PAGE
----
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Jesse Martin, BS, PharmD student, and Craig Lee, PharmD, PhD

A recent study conducted by investigators from the UNC Department of Medicine and the UNC Eshelman School of Pharmacy was recognized as one of the top 10 advances in genomic medicine in 2019, as chosen by the NIH’s National Human Genome Research Institute’s Genomic Medicine Working Group (learn more from the CDC Office of Genomics and Precision Health blog). This study evaluated the frequency and clinical impact of changes in antiplatelet therapy after percutaneous coronary intervention (PCI) using CYP2C19 genotyping to guide selection of P2Y12 inhibitors.

Joseph S. Rossi, MD, and George Stouffer, MD

The CYP2C19 genotype plays a role in the metabolism of commonly prescribed drugs, including clopidogrel, also known as Plavix. Since results of genotype testing are generally obtained after PCI, CYP2C19-guided selection of antiplatelet therapy can require switching between P2Y12 inhibitors in practice (commonly used agents include clopidogrel, ticagrelor, and prasugrel).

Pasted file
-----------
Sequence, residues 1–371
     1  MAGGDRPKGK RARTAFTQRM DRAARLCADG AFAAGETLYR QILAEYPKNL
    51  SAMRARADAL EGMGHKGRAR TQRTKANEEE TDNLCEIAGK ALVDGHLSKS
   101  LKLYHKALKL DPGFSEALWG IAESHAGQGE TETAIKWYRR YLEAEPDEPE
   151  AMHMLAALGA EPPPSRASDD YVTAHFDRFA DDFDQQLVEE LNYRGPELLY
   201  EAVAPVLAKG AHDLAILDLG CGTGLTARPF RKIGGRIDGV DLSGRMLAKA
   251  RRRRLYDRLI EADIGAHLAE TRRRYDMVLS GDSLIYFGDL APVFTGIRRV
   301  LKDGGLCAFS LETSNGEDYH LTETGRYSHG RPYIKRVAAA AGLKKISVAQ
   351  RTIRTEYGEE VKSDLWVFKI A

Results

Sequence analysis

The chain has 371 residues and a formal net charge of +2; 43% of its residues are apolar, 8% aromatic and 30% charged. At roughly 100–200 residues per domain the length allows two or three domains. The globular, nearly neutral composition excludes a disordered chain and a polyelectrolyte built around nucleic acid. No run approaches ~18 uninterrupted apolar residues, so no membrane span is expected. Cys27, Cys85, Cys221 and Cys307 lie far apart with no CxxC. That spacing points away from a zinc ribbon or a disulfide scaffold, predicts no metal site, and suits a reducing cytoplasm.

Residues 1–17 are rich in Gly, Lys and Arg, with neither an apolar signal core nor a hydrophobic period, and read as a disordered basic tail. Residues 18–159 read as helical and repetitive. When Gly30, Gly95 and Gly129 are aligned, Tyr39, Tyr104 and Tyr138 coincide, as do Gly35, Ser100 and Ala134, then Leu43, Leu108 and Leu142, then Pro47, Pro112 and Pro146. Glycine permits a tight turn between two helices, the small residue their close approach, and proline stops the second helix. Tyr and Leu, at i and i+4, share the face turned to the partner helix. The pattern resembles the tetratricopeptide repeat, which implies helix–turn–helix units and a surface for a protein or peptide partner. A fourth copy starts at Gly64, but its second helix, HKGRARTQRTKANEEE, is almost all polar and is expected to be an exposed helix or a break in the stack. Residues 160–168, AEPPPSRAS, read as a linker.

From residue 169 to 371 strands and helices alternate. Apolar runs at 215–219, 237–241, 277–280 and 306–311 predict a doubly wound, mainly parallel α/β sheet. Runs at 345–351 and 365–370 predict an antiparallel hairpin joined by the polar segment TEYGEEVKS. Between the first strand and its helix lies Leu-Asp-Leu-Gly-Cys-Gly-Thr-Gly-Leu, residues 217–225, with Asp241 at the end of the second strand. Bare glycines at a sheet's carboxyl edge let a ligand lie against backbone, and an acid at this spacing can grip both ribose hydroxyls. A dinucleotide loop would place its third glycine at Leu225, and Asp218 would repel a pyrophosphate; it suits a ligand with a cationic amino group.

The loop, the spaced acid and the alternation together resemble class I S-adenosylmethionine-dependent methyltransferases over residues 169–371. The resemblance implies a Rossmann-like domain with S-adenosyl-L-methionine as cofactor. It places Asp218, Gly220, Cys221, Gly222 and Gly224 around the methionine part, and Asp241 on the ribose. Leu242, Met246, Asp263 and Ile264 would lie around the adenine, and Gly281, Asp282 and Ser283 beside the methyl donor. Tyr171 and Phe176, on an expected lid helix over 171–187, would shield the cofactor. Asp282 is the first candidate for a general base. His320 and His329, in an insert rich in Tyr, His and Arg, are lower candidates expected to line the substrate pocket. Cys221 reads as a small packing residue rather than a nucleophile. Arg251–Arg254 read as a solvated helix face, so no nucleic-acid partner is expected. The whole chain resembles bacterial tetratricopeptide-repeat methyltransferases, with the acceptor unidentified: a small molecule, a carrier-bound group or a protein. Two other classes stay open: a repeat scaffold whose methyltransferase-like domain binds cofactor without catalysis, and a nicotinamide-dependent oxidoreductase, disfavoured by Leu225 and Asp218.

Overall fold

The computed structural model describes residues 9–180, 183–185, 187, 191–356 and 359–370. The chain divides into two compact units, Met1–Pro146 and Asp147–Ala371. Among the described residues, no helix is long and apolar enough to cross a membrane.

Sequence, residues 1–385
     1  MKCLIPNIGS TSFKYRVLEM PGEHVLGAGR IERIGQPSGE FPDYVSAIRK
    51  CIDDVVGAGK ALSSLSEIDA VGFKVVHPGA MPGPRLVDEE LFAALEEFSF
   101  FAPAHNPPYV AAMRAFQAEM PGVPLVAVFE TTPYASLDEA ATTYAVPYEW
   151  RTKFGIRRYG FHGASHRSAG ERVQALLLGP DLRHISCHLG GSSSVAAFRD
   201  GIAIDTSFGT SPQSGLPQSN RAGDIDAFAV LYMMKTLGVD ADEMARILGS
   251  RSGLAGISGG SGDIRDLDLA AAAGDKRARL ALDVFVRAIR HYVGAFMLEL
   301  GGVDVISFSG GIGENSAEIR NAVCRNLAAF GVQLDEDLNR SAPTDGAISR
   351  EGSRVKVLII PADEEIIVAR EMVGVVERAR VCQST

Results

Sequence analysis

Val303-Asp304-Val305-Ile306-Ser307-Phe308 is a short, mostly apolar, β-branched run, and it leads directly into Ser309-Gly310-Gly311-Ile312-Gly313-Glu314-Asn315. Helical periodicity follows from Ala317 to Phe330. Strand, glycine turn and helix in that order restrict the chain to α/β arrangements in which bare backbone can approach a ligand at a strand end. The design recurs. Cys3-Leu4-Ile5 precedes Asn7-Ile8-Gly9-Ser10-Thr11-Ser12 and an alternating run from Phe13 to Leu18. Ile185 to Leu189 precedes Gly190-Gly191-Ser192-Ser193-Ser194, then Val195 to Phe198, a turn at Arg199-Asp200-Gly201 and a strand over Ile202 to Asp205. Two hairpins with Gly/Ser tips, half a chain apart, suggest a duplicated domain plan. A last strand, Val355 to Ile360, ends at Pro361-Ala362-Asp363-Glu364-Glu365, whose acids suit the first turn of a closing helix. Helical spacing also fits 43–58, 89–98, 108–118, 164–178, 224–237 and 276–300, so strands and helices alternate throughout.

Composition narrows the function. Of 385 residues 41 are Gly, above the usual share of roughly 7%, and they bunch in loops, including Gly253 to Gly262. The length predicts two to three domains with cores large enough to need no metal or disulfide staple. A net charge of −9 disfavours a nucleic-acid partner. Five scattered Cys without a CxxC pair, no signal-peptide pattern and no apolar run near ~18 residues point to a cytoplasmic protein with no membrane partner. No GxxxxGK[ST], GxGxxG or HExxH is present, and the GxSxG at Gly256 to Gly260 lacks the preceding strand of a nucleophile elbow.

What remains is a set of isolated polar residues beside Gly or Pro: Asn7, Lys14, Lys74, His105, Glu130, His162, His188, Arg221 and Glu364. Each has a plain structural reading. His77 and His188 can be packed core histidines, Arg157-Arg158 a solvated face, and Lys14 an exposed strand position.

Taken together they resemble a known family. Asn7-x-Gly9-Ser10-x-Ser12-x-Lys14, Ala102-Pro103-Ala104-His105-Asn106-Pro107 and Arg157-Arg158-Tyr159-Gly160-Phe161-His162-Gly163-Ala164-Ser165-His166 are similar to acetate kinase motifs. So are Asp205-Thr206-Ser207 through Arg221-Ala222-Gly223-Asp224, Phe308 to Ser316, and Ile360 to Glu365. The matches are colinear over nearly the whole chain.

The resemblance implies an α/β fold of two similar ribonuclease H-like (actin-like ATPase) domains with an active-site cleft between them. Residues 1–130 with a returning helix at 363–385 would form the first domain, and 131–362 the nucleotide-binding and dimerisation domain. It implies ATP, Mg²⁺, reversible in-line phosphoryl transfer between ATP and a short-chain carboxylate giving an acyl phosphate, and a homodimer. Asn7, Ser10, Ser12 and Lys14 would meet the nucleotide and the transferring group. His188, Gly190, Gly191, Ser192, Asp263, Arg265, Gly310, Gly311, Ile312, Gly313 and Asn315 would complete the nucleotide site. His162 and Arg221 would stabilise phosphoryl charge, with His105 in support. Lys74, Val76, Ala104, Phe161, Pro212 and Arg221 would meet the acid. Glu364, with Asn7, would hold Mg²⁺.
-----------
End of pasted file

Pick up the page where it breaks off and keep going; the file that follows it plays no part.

Led by Jesse Martin, BS, a UNC Doctor of Pharmacy student, the study showed that the continued use of clopidogrel in patients who are genetic ‘non-responders’ to clopidogrel (i.e. they have nonfunctional alleles) is associated with adverse outcomes. In contrast, use of clopidogrel following PCI in patients without a nonfunctional allele is safe and effective. The study was published in the January, 2020, issue of Genetics in Medicine.

Other authors of the study included Alexis K. Williams, PharmD; Melissa D. Klein, BS; Vindhya B. Sriramoju, MD; Shivanshu Madan, MD; Joseph S. Rossi, MD; Megan Clarke, PharmD; Jonathan D. Cicci, PharmD, Larisa H. Cavallari, PharmD; Karen E. Weck, MD; George Stouffer, MD; and Craig R. Lee, PharmD, PhD.

The UNC Program for Precision Medicine in Healthcare is currently building clinical decision support in the electronic health record, to help optimize the return of CYP2C19 genetic test results to providers.